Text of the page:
By now we’ve all heard of the transformational power that the gig economy will bring to enterprises. It’s assumed that by 2020, over 40% of the workforce will be contractors.
One question that I’ve repeatedly received from development leaders revolves around how to become more agile in leading development initiatives within more mixed and complex environments. I believe that there will be three key considerations for leaders to become more successful in leading development in the gig economy.
Three ways to lead development in the gig economy
Give developers the right toolset – and a choice. Like all good carpenters, developers need the right tools; they need a set of programmable interfaces that are well-documented and that just work. Especially in mixed environments, if this does not happen, employees will become disengaged, and the work will show that.
Our developers chose to integrate the Mapbox mapping capabilities with our programmable communication APIs so that developers could build applications quickly. Working with Mapbox, we put together use cases to embed maps and dynamic location via two-way messaging into mobile applications.
Now, logistics companies can let their consumers know where their package is on the driver’s journey, and whether packages need to be rescheduled.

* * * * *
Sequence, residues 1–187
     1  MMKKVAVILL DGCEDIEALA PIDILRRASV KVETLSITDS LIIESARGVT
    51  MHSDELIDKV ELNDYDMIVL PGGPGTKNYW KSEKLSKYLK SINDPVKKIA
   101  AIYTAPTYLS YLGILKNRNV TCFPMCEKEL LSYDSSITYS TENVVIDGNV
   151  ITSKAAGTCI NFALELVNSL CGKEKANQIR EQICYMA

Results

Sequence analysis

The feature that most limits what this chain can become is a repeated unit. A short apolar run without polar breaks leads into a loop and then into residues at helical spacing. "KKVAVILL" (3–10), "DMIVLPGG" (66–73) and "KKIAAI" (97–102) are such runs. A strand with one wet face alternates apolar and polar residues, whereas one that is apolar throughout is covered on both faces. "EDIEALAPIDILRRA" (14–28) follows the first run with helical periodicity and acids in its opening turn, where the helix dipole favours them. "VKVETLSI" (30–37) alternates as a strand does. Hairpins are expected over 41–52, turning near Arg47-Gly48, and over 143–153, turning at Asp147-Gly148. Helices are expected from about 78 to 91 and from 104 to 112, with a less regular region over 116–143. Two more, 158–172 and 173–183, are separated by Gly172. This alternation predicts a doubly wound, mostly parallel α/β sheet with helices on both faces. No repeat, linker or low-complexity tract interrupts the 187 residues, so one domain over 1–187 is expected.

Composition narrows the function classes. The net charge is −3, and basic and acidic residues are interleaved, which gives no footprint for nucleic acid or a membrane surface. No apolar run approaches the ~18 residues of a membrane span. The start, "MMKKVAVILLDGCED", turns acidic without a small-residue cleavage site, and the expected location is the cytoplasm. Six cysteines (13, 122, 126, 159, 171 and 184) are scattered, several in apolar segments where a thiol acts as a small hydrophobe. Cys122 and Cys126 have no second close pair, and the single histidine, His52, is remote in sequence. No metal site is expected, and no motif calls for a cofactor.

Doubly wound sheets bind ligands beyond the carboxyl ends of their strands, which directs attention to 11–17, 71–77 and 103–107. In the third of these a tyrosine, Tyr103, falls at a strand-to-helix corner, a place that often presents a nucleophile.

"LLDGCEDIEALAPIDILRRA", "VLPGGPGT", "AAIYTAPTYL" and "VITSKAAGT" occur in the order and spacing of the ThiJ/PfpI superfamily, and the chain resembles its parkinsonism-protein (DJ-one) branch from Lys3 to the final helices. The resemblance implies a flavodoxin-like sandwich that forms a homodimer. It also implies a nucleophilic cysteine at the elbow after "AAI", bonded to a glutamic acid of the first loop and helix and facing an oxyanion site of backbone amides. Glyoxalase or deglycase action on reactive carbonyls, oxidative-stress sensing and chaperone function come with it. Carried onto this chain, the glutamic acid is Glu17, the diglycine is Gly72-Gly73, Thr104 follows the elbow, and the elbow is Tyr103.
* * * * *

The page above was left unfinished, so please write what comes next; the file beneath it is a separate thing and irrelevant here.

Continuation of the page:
“Ride-sharing, package delivery, and on-demand services require accurate location and timing to be communicated to users,” said Matt Irwin, director of Business Intelligence and Data Visualization at Mapbox. “I want a 15-minute window for when my package will arrive at my door, not a half-day. Anything less is a hassle for a modern consumer and will bottleneck adoption of an app, platform, or service.”
Select and build communication capabilities early in the lifecycle. Often when organizations provide development timelines, the last thing they consider is how these applications and systems will communicate with their customers and audience.
Given the global nature of work today and the challenges that it brings, organizations may be forced into an integration with an API that is incompletely documented, insecure from an authentication perspective, or even fails to provide universal capabilities.
Interfaces need to work with intelligent notifications, enabling customers to consume APIs across any channel (push, email, SMS, and social). Organizations shouldn’t have to hope that their communication provider will support the next big social app that varies across geographies. It should just work.
Connect with things. Sometimes lost in the gig economy discussion is that by 2020, there will be billions of things that will need to be connected all over the world, and there are a number of IoT interfaces that are emerging – wideband, narrowband, LoRa protocol, and so on.
The technology that connects these “things” needs to also be ubiquitous, and not fail as the device roams on various networks. Simplifying challenges must be top-of-mind and woven into everything that developers do in the future.
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